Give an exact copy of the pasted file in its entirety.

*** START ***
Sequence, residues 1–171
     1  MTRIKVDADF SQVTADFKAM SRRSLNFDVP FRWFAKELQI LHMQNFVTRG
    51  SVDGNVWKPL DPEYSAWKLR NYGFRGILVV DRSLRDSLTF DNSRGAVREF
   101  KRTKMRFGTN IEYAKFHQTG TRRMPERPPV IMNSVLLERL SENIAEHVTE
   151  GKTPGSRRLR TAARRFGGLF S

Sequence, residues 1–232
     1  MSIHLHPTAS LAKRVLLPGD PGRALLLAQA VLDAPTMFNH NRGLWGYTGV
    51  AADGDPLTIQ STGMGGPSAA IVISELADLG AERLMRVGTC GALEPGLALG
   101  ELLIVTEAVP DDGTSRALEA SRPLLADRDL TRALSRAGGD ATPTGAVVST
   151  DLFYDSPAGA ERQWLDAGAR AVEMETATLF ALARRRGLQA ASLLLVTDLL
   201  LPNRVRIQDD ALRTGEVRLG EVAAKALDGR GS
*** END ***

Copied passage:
Sequence, residues 1–171
     1  MTRIKVDADF SQVTADFKAM SRRSLNFDVP FRWFAKELQI LHMQNFVTRG
    51  SVDGNVWKPL DPEYSAWKLR NYGFRGILVV DRSLRDSLTF DNSRGAVREF
   101  KRTKMRFGTN IEYAKFHQTG TRRMPERPPV IMNSVLLERL SENIAEHVTE
   151  GKTPGSRRLR TAARRFGGLF S

Sequence, residues 1–232
     1  MSIHLHPTAS LAKRVLLPGD PGRALLLAQA VLDAPTMFNH NRGLWGYTGV
    51  AADGDPLTIQ STGMGGPSAA IVISELADLG AERLMRVGTC GALEPGLALG
   101  ELLIVTEAVP DDGTSRALEA SRPLLADRDL TRALSRAGGD ATPTGAVVST
   151  DLFYDSPAGA ERQWLDAGAR AVEMETATLF ALARRRGLQA ASLLLVTDLL
   201  LPNRVRIQDD ALRTGEVRLG EVAAKALDGR GS